The element 72 has the form of a curved plate of a hard wear-resistant material and is rigidly connected with the end 66' of the lever 66. The convex side 75 of the element 72 should contact the element 71 and the centre "0" of curvature (radius of curvature "R") of the surface 75 should coincide with the centre "0" of the hinge 67. The surface of the convex side 75 of the element 72 is smooth.

The elements 71 and 72 are pressed against each other by a spring 76 which at the same time presses the cleaners 10 and 11 against the surface of the screens 39 (FIGS. 2, 3, 5) of the screen drum 9 (FIGS. 1, 2, 3) through a post 77 rigidly connected with the lever 66. The friction type of the damper 70 (FIG. 5) ensures simplicity of its design and high operational dependability.

The damper in the disclosed machine may also be hydraulic or magnetoelectric, depending on the abrasive and magnetic properties of the free-flowing material being separated.

The smooth cleaners 10 (FIGS. 1, 3, 5) may be made as, say, discs 78 (FIG. 5) slipped on the shaft 64. It is expedient that these discs should be made from a wear-resistant material.

It is practicable that the bristly cleaners 11 (FIGS. 1, 3) should be in the form of discs 79 (FIG. 3) with resilient bristles 80 secured thereto. The bristles are made of, say, wear-resistant synthetic materials.

The distributor 81 (FIGS. 1, 2) is rigidly connected with the shaft 30 of the rotor 8 and is made in the form of a truncated cone whose large base 82 points upward.

Rigidly secured on the internal surface of the screen drum 9, for example on the ring 40 (FIG. 2) around the distributor 81 are longitudinal ribs 83 (FIGS. 1, 2) in the form of plates. This design of the distributor 81 and the provision of the ribs 83 ensure uniform delivery and distribution of the free-flowing material in the screen drum 9 (FIGS. 1, 2, 3).

The batching device 12 (FIGS. 1, 6) consists of an inlet pipe 84 (FIG. 6) and an outlet pipe 85. The longitudinal axes 86 and 87 of the inlet pipe 84 and outlet pipe 85 intersect at an angle which is approximately equal to π/2. Installed inside the outlet pipe 85 is an adjusting valve 88 secured by a hinge 89 to the pipe 85 which permits changing the size of the gap "a". On top, the outlet pipe 85 is closed with a cover 90 which can be made removable.

The thrower 7 (FIGS. 1, 7, 8) comprises a guide cone 91 rigidly connected to a thrower cone 92 (FIG. 7). The cone 91 is arranged coaxially inside the cone 92 and the cone apices point in opposite directions. The internal surface of the thrower cone 92 matches with the external surface of the guide cone 91 by a toroidal surface 93. Rigidly secured to these surfaces are plate-like vanes 94 (FIGS. 7, 8) which can be arranged, for example, radially with relation to the centre 95 (FIG. 8) of the base 96 (FIG. 7) of the thrower 7 (FIGS. 1, 7, 8). The height h of the plate-like vanes 94 is considerably smaller than the height H of the thrower cone 92. The base 96 of the thrower 7 is rigidly connected with the upper shaft 30 (FIGS. 1, 2, 3, 7) of the rotor 8 (FIGS. 1, 2).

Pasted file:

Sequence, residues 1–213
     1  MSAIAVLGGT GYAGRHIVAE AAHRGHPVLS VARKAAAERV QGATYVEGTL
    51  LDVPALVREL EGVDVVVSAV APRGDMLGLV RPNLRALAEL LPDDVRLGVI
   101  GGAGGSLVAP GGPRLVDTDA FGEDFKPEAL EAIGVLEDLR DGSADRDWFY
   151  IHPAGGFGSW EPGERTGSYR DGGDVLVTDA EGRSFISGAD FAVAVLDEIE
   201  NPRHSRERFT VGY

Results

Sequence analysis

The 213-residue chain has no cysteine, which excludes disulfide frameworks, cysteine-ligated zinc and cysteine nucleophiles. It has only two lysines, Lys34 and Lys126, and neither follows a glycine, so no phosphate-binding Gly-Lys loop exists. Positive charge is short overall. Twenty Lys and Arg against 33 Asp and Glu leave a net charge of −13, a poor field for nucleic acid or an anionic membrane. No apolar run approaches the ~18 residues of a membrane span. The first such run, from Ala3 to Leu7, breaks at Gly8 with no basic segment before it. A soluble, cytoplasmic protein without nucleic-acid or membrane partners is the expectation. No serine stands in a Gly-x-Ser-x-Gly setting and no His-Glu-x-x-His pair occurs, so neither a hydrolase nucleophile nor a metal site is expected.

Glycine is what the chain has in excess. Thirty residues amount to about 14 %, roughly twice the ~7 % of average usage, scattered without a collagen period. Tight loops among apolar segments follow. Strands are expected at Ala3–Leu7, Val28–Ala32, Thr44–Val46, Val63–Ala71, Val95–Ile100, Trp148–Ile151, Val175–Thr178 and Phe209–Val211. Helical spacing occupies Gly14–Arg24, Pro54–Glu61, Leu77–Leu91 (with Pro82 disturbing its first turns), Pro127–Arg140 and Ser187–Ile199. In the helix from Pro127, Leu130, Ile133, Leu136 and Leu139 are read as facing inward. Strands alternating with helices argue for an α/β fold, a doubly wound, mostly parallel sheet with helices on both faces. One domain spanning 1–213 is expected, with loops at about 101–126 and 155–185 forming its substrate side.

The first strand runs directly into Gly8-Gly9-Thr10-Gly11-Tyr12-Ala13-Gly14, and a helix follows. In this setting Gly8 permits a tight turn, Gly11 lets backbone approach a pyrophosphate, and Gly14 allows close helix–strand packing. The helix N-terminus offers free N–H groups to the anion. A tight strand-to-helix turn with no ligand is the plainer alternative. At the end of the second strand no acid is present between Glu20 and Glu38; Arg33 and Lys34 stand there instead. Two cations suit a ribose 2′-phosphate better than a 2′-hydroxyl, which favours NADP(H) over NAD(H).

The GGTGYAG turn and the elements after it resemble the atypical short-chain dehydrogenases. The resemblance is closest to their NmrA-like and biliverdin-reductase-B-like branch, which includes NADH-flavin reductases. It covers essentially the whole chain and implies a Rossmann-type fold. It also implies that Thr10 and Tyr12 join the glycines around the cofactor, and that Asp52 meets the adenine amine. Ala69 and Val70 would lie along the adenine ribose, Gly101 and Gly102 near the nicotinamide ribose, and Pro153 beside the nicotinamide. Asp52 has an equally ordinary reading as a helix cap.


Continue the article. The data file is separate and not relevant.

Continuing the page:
Rotary motion is imparted to the rotor 8 of each unit 1 (FIG. 1) by an electric motor 97 with a pulley 98 installed on the frame; the pulley is connected by a belt transmission 99 with a pulley 100 rigidly secured on the rotor 8.

Vibratory motion along the axis 63 is imparted to the screen drum 9 (FIG. 1) by a vibrator 101 installed on the frame 2 and provided with a crank shaft 102 connected with an electric motor 103. The crank 104 of the shaft 102 is linked movably with a rod 105 (FIGS. 1, 2) which is connected with the crosspiece 48 by a spherical bearing 106.

To relieve the crank shaft 102 (FIG. 1) of the weight of the screen drum 9, the crosspiece 48 is connected by a spring 107 with the shaft 30 (FIGS. 1, 2) of the rotor 8. In this way the weight of the screen drum 9 is applied to the rotor 8.

Should it become necessary to reduce the rated output of the machine according to the invention, it may be used with, say, only one unit 1 (FIG. 1). In this case the number of drives 4 will be correspondingly reduced, the dimensions of the frame will diminish proportionally and the aspirating chamber 3 will be made with a correspondingly smaller number of channels 22 and valves 23. The collectors 20 and 21 are eliminated altogether.

The cleaning and/or grading machine for free-flowing materials realized according to the present invention functions as follows. As the electric motor 97 (FIG. 1) is switched on, the rotor 8 is set in rotation via the belt transmission 99. Simultaneously, the rotary motion is transmitted via the hangers 35 (FIGS. 1, 2, 3) from the rotor 8 to the screen drum 9. The cleaners 10 and 11 (FIGS. 1, 3) pressed against the screens 39 (FIGS. 2, 3) of the screen drum 9 (FIGS. 1, 2) also start rotating due to the effect of the forces of friction.

As the electric motor 103 (FIG. 1) is turned on, the crank shaft 102 of the vibrator 101 also starts rotating so that the rod 105 imparts via crosspiece 48 vibratory (reciprocating) motion of the screen drum 9 (FIGS. 1, 2) along the axis 63.